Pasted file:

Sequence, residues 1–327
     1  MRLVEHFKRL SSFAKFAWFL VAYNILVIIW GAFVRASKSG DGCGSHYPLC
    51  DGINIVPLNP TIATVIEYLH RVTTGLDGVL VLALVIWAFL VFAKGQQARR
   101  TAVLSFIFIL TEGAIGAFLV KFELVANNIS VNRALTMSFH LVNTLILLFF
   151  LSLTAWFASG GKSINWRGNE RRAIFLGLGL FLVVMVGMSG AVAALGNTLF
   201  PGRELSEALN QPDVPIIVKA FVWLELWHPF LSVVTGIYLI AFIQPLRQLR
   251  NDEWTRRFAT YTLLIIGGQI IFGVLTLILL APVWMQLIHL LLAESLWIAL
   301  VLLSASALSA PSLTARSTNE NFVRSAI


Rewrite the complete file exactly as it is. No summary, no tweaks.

Sequence, residues 1–327
     1  MRLVEHFKRL SSFAKFAWFL VAYNILVIIW GAFVRASKSG DGCGSHYPLC
    51  DGINIVPLNP TIATVIEYLH RVTTGLDGVL VLALVIWAFL VFAKGQQARR
   101  TAVLSFIFIL TEGAIGAFLV KFELVANNIS VNRALTMSFH LVNTLILLFF
   151  LSLTAWFASG GKSINWRGNE RRAIFLGLGL FLVVMVGMSG AVAALGNTLF
   201  PGRELSEALN QPDVPIIVKA FVWLELWHPF LSVVTGIYLI AFIQPLRQLR
   251  NDEWTRRFAT YTLLIIGGQI IFGVLTLILL APVWMQLIHL LLAESLWIAL
   301  VLLSASALSA PSLTARSTNE NFVRSAI